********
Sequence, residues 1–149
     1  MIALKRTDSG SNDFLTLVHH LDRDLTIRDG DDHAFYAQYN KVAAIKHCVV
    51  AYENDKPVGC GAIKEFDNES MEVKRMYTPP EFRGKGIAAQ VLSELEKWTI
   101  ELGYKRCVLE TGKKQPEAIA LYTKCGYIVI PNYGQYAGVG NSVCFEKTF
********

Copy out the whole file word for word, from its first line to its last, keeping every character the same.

Sequence, residues 1–149
     1  MIALKRTDSG SNDFLTLVHH LDRDLTIRDG DDHAFYAQYN KVAAIKHCVV
    51  AYENDKPVGC GAIKEFDNES MEVKRMYTPP EFRGKGIAAQ VLSELEKWTI
   101  ELGYKRCVLE TGKKQPEAIA LYTKCGYIVI PNYGQYAGVG NSVCFEKTF